Email marketing may not be regarded as the flashiest of marketing channels nor at the cutting edge of technology, so it’s no surprise that sometimes it gets overlooked.
While social media and its ecosystem of influencers, dance trends, and memes often feels like the place where the most important conversations with consumers take place — it’s worth remembering that with email you have a direct line of communication with a consumer who’s already engaged with your brand. That is marketing gold dust!
So this makes email newsletters an extremely valuable tool, giving your brand a means of regularly reaching out to your consumers to give updates, promote new offers, or just immerse them in the world of your brand, your mission, or your company culture. It can be an essential channel to drive engagement, build customer loyalty, reduce churn, or even reactivate lapsed customers.
That’s why virtually every brand uses email newsletters.
But getting them right is not easy. We all know what it’s like to receive unwanted mail in our inbox — how easy it is to click “mark as read” on an email you have no interest in reading — and this is often for the newsletters we signed up for with the best of intentions.
So what does it take to create an effective email newsletter — one that gives recipients a warm glow as it lands in their inbox, that actually gets opened, read, and encourages readers to continue engaging with your brand? Let’s discuss.
10 Tips for Creating an Effective Email Newsletter
First things first, your email newsletter probably won’t give anybody a warm glow when it lands in their inbox, no matter how great it is. But there are tried and tested ways of ensuring your newsletter works for your brand, keeping you top-of-mind with engaged audiences.
These 10 tips cover everything from the design of your newsletter to the people you’re sending it to — and with them, you’ll hopefully be able to get your newsletter working harder for your brand.
1. Decide on a single function for your newsletter and focus on that
Newsletters can be lots of different things to different people. They can be a means of releasing updates about your product, a place for blog posts, a channel for promotional messages, or a tool to share company news.
However, If you don’t decide in advance what the focus of your newsletter will be, you risk having one that tries to be all things to all people — and ultimately fails at everything. To avoid this, it’s really important to decide in advance what the function of your newsletter is and focus on that.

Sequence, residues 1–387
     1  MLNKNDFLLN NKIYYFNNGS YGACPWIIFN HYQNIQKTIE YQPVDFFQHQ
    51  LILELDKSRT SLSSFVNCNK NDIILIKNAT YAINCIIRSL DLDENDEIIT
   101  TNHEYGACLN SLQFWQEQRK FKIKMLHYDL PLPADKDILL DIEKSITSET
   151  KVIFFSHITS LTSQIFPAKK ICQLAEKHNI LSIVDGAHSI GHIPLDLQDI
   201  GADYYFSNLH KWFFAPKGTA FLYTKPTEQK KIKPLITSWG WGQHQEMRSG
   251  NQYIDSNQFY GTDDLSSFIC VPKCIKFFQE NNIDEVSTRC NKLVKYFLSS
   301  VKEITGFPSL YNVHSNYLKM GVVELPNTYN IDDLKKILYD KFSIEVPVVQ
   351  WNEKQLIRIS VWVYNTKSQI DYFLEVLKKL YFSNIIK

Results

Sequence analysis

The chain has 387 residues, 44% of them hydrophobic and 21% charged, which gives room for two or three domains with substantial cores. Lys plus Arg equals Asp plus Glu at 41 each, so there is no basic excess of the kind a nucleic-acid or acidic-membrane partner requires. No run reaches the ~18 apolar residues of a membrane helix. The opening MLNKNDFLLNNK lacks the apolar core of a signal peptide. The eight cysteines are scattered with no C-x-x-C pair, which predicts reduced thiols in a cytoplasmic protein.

If your brand offers a broad range of diverse products and services, rather than lumping everything together in one random briefing it would be much more effective to build multiple newsletters — so readers are always receiving content that is focused on the things they care about most.
This is something New York magazine successfully adopted, moving from a standard “daily digest” to more than a dozen “regular newsletters of various frequencies, formats, and purposes”.
2. Segment your audiences
This tip goes hand in hand with the previous point. Trying to hit everyone with the same message just won’t be as effective as newsletters that are carefully targeted to different audience types.
By segmenting your database and grouping together subscribers based on their location, buying habits, or any number of other characteristics — you’ll ensure that your content feels relevant to the reader. Even if you choose to have just one main newsletter, you can always tweak it to fit the needs of different segments within your subscriber list.
For example, if you have an offer that’s only available in one region or a new service that might only be interesting to your most loyal customers, send it to the subscribers it applies to.
3. Make things personal (but don’t get creepy!)
It’s only natural that we respond to things better when we feel they’re made just for us, rather than churned from a production line. Email newsletters are no different. If you’re able to use personalization, it’s an easy way of bumping up your open rates and driving engagement. Just by adding the recipient's name in the subject line, you can increase your open rates by up to 26%!
Personalization doesn’t have to stop there, but be careful not to creep your readers out. Depending on the limitations of your email marketing platform, you could potentially tailor any section of your email newsletter to any aspect of your customer — as long as you consensually hold that data on your CRM platform.
For example, if a customer holds a premium membership that entitles them to special treatment, it certainly won’t hurt to let them know you haven’t forgotten this and remind them how special and valued they are to your brand.
4. Your subject line deserves attention
It’s not the best of practices, but people do judge books by their covers and emails by their subject lines. This puts the onus on you to offer your subscribers a compelling reason to open and read on. The subject line is probably the most important element of any email newsletter — and no matter how good your content is, people still need to be convinced to read it in the first place.
When it comes to subject lines, you’ve got just a few words to grab the reader’s attention. Make sure to put your most important keywords at the start (in case they’re cut off on mobile devices) and get creative.
Are there any hacks? Sure! We already know that personalization can increase open rates by 26%, but adding emojis can shift the needle a few more percentage points in the right direction, too. Despite this, ultimately it all comes down to creating a simple, compelling title that encourages readers to open.
5. A/B testing is essential for improving your KPIs